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  4. Pingback: Pretty Ring, Pretty Finger, Pretty Single | Soar with Laughter

    • No, I like to be an easy-to-feed guest too much to be vegan or only eat raw foods. Even with the diabetes, if I am visiting someone or eating another person’s food they’ve prepared for me, I don’t like to impose a low-carb diet on them. But when I’m eating at home, I already eat pretty low-carb meals, so taking out meats, dairy, or cooked food would majorly limit my available foods and I’d probably have to take vitamin and iron supplements. I’d much rather get all my necessary vitamins, etc. from actual food than from pills. But it mainly boils down to the fact that I like food too much to limit other things on top of the limited carbs. Thanks for the suggestion, though.

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      • But you SHOULDN’T limit carbs! Carbs are life, that’s what our cells run on, and limiting them will only make your body crave them and then store the fat once you finally give it what it needs… I did not believe it until it happened to me too. But I did not try to limit carbs once I had gained weight, and now it’s slowly going away! I would suggest you make your own research. I said low fat in my first comment but now I have changed my mind, whole fat sources like avocados, coconut, olives, nuts and seeds are so important especially for women (and better than the refined, pure-fat oil form). It’s all about listening to what you actually WANT to eat and eating it and being patient and confident but vegan is usually much healthier. Hopefully there isn’t a thing that you can’t find veganized! Now that I’m kind of vegan I can’t believe I used to think it was restrictive… But I completely understand that you don’t want to be annoying when you go out or when you are invited, and I think you are right not to be stressed over food, that’s cool! I’m just suggesting you check some delicious vegan recipes and play more and more with it, I’m sure you won’t regret it 🙂
        Please do some research though cause you seem quite misinformed regarding the nutritional aspects of veganism (no offence really!!) as vitamins are contained mostly in fruits and vegetables, for example… And for iron, look up blackstrap molasses! If that’s not “actual food”… 🙂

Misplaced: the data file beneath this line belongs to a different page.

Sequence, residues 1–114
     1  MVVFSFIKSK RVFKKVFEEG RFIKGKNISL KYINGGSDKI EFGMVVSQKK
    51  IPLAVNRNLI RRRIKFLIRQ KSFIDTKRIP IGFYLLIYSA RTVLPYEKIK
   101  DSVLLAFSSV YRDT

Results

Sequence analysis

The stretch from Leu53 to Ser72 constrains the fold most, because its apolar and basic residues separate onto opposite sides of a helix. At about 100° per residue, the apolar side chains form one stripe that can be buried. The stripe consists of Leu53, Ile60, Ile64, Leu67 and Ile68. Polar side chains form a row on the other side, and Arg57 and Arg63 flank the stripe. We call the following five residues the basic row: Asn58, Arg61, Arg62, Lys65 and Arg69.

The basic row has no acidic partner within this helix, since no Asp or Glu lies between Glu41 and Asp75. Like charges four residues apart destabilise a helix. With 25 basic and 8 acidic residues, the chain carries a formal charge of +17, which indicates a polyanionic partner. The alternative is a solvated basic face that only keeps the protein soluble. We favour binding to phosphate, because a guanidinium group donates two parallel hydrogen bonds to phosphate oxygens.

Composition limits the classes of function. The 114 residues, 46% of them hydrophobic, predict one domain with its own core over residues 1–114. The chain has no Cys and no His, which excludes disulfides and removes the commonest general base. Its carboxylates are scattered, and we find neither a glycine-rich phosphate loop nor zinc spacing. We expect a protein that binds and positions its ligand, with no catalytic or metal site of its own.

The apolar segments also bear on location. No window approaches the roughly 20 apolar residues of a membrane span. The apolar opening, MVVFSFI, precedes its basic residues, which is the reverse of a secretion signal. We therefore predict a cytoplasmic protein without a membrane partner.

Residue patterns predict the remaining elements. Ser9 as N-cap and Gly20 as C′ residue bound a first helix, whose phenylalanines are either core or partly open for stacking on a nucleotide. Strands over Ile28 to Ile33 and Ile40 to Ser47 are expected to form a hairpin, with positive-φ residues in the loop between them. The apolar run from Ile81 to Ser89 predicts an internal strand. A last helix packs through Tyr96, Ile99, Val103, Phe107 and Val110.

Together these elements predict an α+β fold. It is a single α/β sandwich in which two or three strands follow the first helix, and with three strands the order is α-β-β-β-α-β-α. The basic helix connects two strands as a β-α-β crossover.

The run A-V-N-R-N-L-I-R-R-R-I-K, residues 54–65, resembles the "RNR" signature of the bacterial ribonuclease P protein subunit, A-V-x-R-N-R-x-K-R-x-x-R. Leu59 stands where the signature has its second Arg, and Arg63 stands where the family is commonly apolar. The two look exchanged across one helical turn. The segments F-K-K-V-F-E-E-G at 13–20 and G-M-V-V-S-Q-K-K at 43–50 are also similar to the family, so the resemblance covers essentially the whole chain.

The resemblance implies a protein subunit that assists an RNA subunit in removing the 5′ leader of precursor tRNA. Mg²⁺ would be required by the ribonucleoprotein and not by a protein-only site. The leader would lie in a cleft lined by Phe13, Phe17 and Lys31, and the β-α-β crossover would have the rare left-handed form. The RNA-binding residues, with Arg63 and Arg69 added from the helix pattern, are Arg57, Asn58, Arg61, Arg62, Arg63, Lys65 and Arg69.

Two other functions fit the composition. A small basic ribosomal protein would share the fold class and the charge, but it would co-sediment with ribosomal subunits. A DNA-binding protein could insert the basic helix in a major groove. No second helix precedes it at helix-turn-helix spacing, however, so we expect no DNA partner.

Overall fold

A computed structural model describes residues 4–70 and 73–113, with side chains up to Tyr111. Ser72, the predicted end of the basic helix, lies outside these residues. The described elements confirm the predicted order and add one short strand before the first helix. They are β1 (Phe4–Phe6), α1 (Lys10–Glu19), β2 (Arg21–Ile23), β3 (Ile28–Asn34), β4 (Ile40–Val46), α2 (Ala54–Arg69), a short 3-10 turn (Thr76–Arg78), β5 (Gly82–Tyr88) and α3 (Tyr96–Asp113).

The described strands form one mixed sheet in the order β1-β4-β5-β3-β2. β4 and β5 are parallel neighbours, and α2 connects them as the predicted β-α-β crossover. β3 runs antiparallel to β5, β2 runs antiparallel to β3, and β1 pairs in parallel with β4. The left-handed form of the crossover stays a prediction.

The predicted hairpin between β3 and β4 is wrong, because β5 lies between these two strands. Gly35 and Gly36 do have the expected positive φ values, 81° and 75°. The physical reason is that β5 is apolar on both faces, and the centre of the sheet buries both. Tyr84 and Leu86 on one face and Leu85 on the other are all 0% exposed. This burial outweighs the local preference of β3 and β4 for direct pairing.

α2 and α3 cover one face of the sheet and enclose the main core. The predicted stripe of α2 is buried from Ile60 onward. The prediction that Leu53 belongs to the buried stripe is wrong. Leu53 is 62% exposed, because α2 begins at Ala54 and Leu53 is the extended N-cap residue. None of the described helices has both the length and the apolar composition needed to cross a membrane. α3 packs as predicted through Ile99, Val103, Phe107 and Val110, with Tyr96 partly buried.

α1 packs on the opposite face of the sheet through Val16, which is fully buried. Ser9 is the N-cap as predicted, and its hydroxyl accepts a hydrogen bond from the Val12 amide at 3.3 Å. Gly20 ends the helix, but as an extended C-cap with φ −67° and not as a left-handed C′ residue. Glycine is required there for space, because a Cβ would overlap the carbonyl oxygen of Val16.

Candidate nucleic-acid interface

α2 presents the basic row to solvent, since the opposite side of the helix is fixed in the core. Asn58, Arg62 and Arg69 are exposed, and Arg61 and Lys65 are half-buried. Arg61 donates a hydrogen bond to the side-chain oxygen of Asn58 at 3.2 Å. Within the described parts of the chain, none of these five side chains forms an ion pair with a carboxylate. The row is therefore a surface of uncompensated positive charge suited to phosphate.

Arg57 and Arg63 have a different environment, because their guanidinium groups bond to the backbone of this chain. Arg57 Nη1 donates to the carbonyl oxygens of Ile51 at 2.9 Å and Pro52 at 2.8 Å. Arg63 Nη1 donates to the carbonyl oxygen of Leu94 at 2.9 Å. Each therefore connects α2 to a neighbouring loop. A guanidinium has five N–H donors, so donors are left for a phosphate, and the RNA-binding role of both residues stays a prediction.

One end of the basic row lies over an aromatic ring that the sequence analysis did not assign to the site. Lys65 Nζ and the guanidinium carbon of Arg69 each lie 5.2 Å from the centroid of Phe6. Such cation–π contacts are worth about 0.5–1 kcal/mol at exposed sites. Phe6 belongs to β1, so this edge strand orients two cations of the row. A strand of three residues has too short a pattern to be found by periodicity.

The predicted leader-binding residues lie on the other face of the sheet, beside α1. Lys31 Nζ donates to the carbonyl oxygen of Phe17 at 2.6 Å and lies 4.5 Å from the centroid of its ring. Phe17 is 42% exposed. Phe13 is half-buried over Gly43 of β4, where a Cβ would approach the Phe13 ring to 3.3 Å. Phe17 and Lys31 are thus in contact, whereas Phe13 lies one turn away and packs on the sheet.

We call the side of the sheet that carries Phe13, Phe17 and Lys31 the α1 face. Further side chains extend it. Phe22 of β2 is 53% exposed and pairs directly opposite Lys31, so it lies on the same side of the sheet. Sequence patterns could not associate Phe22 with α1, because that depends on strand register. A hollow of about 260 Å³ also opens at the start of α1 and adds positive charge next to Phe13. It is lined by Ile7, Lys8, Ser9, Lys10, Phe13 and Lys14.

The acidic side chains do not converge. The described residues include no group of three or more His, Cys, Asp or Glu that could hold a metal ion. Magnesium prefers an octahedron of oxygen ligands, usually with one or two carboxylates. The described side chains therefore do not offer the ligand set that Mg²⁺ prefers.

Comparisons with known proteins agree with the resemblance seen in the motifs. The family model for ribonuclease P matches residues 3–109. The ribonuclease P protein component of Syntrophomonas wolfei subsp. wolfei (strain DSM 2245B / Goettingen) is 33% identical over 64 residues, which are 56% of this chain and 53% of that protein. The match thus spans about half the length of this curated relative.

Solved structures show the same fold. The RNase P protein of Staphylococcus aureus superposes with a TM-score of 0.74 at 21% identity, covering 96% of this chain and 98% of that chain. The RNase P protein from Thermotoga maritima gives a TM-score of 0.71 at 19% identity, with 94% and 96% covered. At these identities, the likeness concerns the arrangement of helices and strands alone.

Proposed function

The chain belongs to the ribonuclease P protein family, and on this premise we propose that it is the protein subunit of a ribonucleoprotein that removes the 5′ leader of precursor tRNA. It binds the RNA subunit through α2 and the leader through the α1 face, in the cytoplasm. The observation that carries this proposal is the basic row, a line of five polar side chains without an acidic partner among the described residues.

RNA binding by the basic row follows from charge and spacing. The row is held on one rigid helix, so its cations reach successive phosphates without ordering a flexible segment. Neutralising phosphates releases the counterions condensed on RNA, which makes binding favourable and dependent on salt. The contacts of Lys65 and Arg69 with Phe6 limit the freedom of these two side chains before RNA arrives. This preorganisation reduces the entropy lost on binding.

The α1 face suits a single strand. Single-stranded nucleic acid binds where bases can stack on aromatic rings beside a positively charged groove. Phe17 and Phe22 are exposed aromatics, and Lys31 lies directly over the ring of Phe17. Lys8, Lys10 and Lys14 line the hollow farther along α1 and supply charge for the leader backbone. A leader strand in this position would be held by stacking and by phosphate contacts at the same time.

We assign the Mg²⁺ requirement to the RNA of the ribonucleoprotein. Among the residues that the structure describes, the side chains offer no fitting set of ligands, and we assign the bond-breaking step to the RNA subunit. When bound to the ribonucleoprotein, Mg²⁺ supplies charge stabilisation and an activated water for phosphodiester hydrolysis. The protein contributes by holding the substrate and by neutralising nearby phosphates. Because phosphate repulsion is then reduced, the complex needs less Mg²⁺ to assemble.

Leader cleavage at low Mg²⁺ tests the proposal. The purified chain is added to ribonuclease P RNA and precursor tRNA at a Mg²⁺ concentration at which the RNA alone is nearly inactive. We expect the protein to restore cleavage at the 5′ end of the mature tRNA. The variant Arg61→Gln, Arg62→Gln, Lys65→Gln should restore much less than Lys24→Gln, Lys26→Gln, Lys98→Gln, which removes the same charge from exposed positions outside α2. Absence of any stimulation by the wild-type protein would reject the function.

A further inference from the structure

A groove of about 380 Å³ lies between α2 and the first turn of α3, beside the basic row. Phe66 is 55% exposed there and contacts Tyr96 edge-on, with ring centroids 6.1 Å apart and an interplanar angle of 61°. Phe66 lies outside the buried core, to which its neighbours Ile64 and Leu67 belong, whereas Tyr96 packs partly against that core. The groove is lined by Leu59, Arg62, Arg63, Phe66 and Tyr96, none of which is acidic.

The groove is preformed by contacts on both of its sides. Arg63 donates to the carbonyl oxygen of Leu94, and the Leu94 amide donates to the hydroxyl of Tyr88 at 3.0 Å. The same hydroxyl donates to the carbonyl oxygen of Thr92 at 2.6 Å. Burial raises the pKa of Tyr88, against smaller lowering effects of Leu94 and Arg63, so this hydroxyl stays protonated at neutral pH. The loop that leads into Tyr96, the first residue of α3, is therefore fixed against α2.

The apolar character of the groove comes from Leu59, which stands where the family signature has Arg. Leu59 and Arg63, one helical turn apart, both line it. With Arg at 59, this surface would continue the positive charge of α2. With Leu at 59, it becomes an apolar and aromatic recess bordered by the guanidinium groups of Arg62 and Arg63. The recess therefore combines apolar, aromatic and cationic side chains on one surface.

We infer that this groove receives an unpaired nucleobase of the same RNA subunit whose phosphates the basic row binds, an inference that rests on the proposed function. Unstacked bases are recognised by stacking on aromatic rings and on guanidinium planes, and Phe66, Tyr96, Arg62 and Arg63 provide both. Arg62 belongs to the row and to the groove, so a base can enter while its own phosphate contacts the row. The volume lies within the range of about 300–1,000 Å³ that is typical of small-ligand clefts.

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      • Hi Lea, Thanks for your comments. If you like being vegan, bravo; that’s great. I simply have no desire to be vegan myself; I like meat and dairy too much to give them up. As for carbohydrates, I am saying we should limit the amount of carbohydrates we eat, not take them out of our diet all together. If we ate no carbs at all, we would be stuck with eating only meat, cheese, and eggs (without the majority of sauces and flavorings), and that is definitely not a balanced diet! But limiting the amount of carbs (and fat) we eat – and eating more “good” carbs (like those that come from produce or whole grains) than “bad” (like the carbs that come from straight up sugar or white bread) – is an excellent way of managing one’s weight. Everyone will probably have a different number that works for them, but for me, I consider a meal where I eat more than 30 grams of carbs to be a high-carb meal. As a maximum amount of carbs, I like to stick to one or one-and-a-half servings of carbs per meal, so 15-25-ish grams at each meal. But if I can possibly eat less carbs than that while also keeping the meal healthy (including produce (especially non-starchy vegetables) and low-fat protein), then I consider that to be a victory. This is simply what has worked for me, but to each his (or her) own. As you said, completely refusing yourself the foods that you crave is not a good idea either. If I do that, when I finally get the chance to eat what I have been denying myself, then I go crazy and eat way too much of it… So, like Ellen Degeneres often says, “Everything in moderation.” Hope this is helpful. Thanks again for your comments!